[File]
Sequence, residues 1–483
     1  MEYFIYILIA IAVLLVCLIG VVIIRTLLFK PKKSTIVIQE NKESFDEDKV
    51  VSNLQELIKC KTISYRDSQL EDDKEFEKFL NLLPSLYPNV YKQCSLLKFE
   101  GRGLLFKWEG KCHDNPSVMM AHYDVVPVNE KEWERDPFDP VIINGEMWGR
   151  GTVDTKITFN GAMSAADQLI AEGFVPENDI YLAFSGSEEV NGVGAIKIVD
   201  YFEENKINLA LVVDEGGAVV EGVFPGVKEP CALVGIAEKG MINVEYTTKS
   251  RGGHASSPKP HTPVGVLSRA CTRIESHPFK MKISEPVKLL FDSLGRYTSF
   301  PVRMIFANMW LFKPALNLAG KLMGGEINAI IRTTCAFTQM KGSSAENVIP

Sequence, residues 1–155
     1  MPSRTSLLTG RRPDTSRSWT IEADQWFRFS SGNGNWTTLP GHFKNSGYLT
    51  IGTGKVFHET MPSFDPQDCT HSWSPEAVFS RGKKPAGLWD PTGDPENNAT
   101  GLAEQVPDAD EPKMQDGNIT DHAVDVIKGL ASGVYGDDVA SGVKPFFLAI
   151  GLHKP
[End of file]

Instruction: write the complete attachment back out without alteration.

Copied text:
Sequence, residues 1–483
     1  MEYFIYILIA IAVLLVCLIG VVIIRTLLFK PKKSTIVIQE NKESFDEDKV
    51  VSNLQELIKC KTISYRDSQL EDDKEFEKFL NLLPSLYPNV YKQCSLLKFE
   101  GRGLLFKWEG KCHDNPSVMM AHYDVVPVNE KEWERDPFDP VIINGEMWGR
   151  GTVDTKITFN GAMSAADQLI AEGFVPENDI YLAFSGSEEV NGVGAIKIVD
   201  YFEENKINLA LVVDEGGAVV EGVFPGVKEP CALVGIAEKG MINVEYTTKS
   251  RGGHASSPKP HTPVGVLSRA CTRIESHPFK MKISEPVKLL FDSLGRYTSF
   301  PVRMIFANMW LFKPALNLAG KLMGGEINAI IRTTCAFTQM KGSSAENVIP

Sequence, residues 1–155
     1  MPSRTSLLTG RRPDTSRSWT IEADQWFRFS SGNGNWTTLP GHFKNSGYLT
    51  IGTGKVFHET MPSFDPQDCT HSWSPEAVFS RGKKPAGLWD PTGDPENNAT
   101  GLAEQVPDAD EPKMQDGNIT DHAVDVIKGL ASGVYGDDVA SGVKPFFLAI
   151  GLHKP